Monday, March 18, 2019
Court of Appeal:
Attorneys Declaration of Fault Must Come From Lawyer Who Caused Client’s Default
By a MetNews Staff Writer
The Court of Appeal for this district has affirmed the denial of a motion for relief from default, holding that although the granting of such a motion, if timely, is mandatory where accompanied by an attorney’s declaration of fault, that declaration must be executed by the lawyer who actually caused the default, not successor counsel.
Thursday’s unpublished opinion, by Justice Dorothy C. Kim of Div. Five, affirms orders by Los Angeles Superior Court Judge William F. Fahey. The judge denied a motion made on behalf of Deamonte Alford seeking relief from a default judgment for the forfeiture of $29,160 in currency, alleged to have been the proceeds from unlawful sales of marijuana.
Mandatory relief from the default judgment was sought by Alford’s present lawyer, J. David Nick, who was seeking resentencing of the client in connection with his felony conviction. In his own declaration, Alford said that his trial counsel, Sharen Ghatan, has assured him she would contest the forfeiture, sought by the Office of District Attorney, and that he had been unaware of the default until it was recently uncovered by Nick.
Nick submitted a declaration in support of the motion for relief from default, pursuant to the mandatory-relief provision in Code of Civil Procedure §473(b) which says:
“[T]the court shall, whenever an application for relief is made no more than six months after entry of judgment, is in proper form, and is accompanied by an attorney’s sworn affidavit attesting to his or her mistake, inadvertence, surprise, or neglect, vacate any (1) resulting default entered by the clerk against his or her client, and which will result in entry of a default judgment, or (2) resulting default judgment or dismissal entered against his or her client….”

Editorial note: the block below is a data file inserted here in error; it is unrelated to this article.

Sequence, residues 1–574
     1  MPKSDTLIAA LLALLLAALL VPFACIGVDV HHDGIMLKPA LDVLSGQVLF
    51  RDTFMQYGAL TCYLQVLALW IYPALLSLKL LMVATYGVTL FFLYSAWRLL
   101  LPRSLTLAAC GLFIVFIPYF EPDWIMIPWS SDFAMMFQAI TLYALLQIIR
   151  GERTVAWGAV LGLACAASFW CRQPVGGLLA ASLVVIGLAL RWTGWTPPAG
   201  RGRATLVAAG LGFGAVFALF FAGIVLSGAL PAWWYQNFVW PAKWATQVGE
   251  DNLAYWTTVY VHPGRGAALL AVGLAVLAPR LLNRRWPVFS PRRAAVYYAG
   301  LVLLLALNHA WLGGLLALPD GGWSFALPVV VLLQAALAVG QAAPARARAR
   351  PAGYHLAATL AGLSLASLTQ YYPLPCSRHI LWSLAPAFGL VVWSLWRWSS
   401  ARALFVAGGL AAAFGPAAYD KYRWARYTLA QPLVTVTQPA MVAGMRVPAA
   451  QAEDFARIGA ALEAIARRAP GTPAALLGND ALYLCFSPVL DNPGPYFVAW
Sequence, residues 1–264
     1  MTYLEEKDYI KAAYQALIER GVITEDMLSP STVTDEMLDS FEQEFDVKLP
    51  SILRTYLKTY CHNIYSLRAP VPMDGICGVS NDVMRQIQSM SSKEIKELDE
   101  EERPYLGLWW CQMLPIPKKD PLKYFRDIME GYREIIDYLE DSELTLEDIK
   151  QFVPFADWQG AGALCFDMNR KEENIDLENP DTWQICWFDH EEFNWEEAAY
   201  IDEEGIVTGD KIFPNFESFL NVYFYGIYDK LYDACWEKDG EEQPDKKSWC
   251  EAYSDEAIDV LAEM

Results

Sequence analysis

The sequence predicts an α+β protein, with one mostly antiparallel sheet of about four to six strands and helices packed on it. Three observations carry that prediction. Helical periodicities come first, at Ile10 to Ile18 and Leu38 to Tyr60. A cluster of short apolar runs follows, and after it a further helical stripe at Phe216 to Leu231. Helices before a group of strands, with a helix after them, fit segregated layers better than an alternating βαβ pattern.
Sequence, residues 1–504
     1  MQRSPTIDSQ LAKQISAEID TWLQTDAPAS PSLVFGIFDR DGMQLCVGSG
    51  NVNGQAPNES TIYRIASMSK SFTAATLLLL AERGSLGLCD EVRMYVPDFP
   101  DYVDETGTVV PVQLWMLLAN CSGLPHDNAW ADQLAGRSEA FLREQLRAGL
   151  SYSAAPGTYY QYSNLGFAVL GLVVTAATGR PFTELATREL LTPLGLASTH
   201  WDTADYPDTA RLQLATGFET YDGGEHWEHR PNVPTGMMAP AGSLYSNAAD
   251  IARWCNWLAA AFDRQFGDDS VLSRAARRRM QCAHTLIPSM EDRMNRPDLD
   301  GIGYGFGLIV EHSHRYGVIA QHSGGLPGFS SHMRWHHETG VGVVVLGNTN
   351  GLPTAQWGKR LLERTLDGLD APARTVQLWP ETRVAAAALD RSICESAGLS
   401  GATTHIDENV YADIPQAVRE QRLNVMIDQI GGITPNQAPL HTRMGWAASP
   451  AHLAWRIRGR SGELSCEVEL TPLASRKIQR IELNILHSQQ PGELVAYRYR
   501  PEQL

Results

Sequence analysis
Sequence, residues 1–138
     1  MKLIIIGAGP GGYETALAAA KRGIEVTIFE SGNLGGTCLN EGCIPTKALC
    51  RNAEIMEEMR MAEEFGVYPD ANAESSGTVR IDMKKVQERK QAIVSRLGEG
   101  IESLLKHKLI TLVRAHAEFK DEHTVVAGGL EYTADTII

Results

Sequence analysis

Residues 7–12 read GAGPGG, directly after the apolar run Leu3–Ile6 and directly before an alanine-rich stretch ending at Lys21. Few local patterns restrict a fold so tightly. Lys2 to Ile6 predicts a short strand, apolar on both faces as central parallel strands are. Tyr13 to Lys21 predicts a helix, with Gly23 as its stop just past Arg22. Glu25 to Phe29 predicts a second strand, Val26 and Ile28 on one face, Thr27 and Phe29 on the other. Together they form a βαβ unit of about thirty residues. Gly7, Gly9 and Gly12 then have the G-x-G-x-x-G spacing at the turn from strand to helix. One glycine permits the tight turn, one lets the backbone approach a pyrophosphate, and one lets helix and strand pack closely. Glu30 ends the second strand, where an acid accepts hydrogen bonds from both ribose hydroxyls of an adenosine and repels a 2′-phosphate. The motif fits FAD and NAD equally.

Alford argued on appeal that in light of Nick’s declaration, relief was required. Kim wrote:
“[U]nder the mandatory provision of section 473, the required attorney affidavit must attest to ‘his or her mistake, inadvertence, surprise, mistake, or neglect....’ Attorney Nick, however, did not attest to his own mistake or neglect. Instead, at best, he suggested, based on information provided by claimant, that attorney Ghatan may have been responsible for the default judgment by failing to timely contest the forfeiture petition. Section 473, subdivision (b), however, does not provide for mandatory relief when an attorney’s fault is demonstrated by other means, such as a declaration from a subsequent attorney or a party. Thus, on its face, attorney Nick’s declaration did not satisfy the requirements for mandatory relief under section 473, subdivision (b).”
Purposes of Provision
Kim said the mandatory-relief provision is designed to relieve a faultless client from the consequences of an attorney’s faulty performance, place the responsibility on the lawyer, and deter the need for malpractice suits.
“Here, under claimant’s construction of the mandatory relief provision, the purpose of that provision would not be advanced because the burden of attorney Ghatan’s mistake or neglect, if any, would not be shifted to her because she did not admit under oath any fault or other responsibility for the default judgment,” she declared. “Instead, under claimant’s construction, he could be relieved from the default without any attorney accepting responsibility for its entry.”
Fahey did not abuse his discretion in denying relief under the discretionary-relief portion of §473(b), Kim said.
Acting Presiding Justice Lamar Baker wrote a brief concurring opinion.
The case is People v. Twenty-nine Thousand One Hundred Sixty Dollars, B285357.
Nick represented Alford on appeal. Deputy District Attorneys acted for the People.
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